I also know that for every president since Washington, there have been people who thought the sky would fall with the incoming administration. The Democratic-Republicans thought Adams was a disaster (with cause–remember the Alien and Sedition Act?); the Federalists went kaput after the Jefferson, Madison, and Monroe. But life went on and gave us some winners (Lincoln, TR, FDR, JFK, LBJ–a corrupt man, LBJ, but the Great Society changed many lives for the better) and some losers (Harding, Hoover, Nixon, Bush II, and choose-your-own).

Four years is a long time to despair, so I won’t. Instead, I’ll keep reading the words of people wiser than I, who value(d) the many above the few. (Why do people want to elect someone they could grab a beer with? I want to elect the smartest and best person possible and I don’t want to go on a pub crawl with them.)  Maybe we should be thinking of a part of FDR’s 1933 address that isn’t commonly quoted:

Yet our distress comes from no failure of substance. We are stricken by no plague of locusts. Compared with the perils which our forefathers conquered because they believed and were not afraid, we have still much to be thankful for. Nature still offers her bounty and human efforts have multiplied it. Plenty is at our doorstep, but a generous use of it languishes in the very sight of the supply. Primarily this is because the rulers of the exchange of mankind’s goods have failed, through their own stubbornness and their own incompetence, have admitted their failure, and abdicated. Practices of the unscrupulous money changers stand indicted in the court of public opinion, rejected by the hearts and minds of men.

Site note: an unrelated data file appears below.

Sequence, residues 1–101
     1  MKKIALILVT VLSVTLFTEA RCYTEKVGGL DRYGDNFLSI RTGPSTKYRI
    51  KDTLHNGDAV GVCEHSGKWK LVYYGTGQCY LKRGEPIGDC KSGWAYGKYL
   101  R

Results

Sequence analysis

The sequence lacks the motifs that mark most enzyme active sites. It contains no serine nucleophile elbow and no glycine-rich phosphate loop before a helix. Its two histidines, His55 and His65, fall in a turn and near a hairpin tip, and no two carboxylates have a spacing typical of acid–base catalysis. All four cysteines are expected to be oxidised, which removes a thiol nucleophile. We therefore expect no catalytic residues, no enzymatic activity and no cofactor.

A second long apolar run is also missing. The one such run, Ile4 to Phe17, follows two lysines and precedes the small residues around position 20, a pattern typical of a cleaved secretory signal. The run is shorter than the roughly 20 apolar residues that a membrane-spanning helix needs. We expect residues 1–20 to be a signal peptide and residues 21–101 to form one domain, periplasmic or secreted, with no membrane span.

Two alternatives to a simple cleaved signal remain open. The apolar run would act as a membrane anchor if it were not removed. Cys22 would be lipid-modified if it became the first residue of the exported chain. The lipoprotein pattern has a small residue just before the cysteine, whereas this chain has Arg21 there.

Or this part:

Happiness lies not in the mere possession of money; it lies in the joy of achievement, in the thrill of creative effort. The joy and moral stimulation of work no longer must be forgotten in the mad chase of evanescent profits. These dark days will be worth all they cost us if they teach us that our true destiny is not to be ministered unto but to minister to ourselves and to our fellow men.

(Can you imagine the modern electorate voting for someone who uses the word “evanescent” in an address to the nation? I only wish I could.)

But remember he also said this:

We do not distrust the future of essential democracy. The people of the United States have not failed. In their need they have registered a mandate that they want direct, vigorous action. They have asked for discipline and direction under leadership.

I live in a bubble in a liberal city. I have an advanced degree. I have liberal, educated friends, a few of whom have been grating on my nerves for months with smug condescension toward the people who voted for the current president. (I don’t know about you, but I never changed my mind about an issue because someone told me I was stupid for having the belief/opinions I did.) Yeah, I’m a bit bewildered by people who vote against their own self-interest, too. But…